What a beautiful idea.
British sculptor Jason deCaires Taylor created The Molinere Underwater Sculpture Park, a collection of ecological underwater contemporary art located in the Caribbean sea off the west coast of Grenada, West Indies.
The coral reef around Grenada suffered damage from Hurricane Ivan in 2004 and Emily in 2005. It has been recorded that only 10-15% of the seabed has a substratum solid enough for natural reefs to row upon and it can take between 10 and 80 years for hard coral to develop. While it is predicted that up to 60% of natural coral reefs may be depleted by 2050.
The sculptures have been designed to promote coral growth using techniques to reduce the pH of the cement and by applying a textured surface. This encourages coral polyps to attach onto the surface and eventually the structure becomes a sanctuary for small marine life. Over time coral will change their appearance and the tides will enhance the texture applied bringing with it new inhabitants.
Taylor′s aim is to engage local people with the underwater environment. His works are derived from life casts of the local community. He installed cement figures onto the ocean floor, mostly consisting of a range of human forms, from solitary individuals to a ring of children holding hands, facing into the oceanic currents.
The Sculpture park, which began construction in 2006, is situated on the sandy ocean floor in the barren Molinere Bay and it now acts as an aid to relieve pressure on natural reefs which have become popular among water sports enthusiasts, particularly in nearby Flamingo Bay which is the most visited snorkeling destination on the island. There are over sixty-five concrete individual sculptures covering an area of over 800 square meters and in total weigh around 15 tons in dry cement.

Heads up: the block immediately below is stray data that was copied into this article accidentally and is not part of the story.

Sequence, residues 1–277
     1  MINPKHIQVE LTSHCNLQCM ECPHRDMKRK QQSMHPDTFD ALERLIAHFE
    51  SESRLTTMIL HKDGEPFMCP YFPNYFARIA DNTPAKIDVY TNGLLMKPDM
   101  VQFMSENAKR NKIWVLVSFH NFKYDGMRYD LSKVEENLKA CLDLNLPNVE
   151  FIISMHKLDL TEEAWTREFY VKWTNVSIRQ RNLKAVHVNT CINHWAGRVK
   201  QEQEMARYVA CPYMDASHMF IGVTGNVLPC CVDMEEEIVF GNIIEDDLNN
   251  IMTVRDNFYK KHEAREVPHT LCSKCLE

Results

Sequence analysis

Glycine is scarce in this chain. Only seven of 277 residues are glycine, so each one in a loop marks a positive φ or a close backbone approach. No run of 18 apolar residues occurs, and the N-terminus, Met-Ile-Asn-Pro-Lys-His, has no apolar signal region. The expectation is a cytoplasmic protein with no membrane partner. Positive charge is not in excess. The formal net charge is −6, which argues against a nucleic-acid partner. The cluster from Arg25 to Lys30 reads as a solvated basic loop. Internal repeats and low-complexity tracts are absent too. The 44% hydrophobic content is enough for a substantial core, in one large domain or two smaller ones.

Already Taylor’s sculptures have been shown to be a home to an array of aquatic life: including, flounders, parrot fish, Branded coral shrimp and fire worms. Artificial reef constructions like Taylor’s are designed and constructed using resilient, stable and environmentally responsive materials. They are positioned in the ocean at the correct time of year to coincide with coral spawning, in an area that has suffered previous substantial decimation from storm damage. His works carry the aim of relieving the strain placed on the natural coral reef by human pollution, acidification, overfishing, by redirecting divers and snorkelers away from natural reefs to endorse the opportunity for repair and regeneration.
The sculpture park is easily accessible via boat from the main port of St Georges (2 miles/3 km North of the capital) or Grand Anse Bay on the West coastline. The sculptures are situated in a variety of depths of water with a maximum of 12 meters and the park is visited daily by scuba divers, snorkelers and glass bottom boats. Recently a local artist on the island has added new works to the sculpture park.
Cool Mona Note: Use your gift, people, use your gift.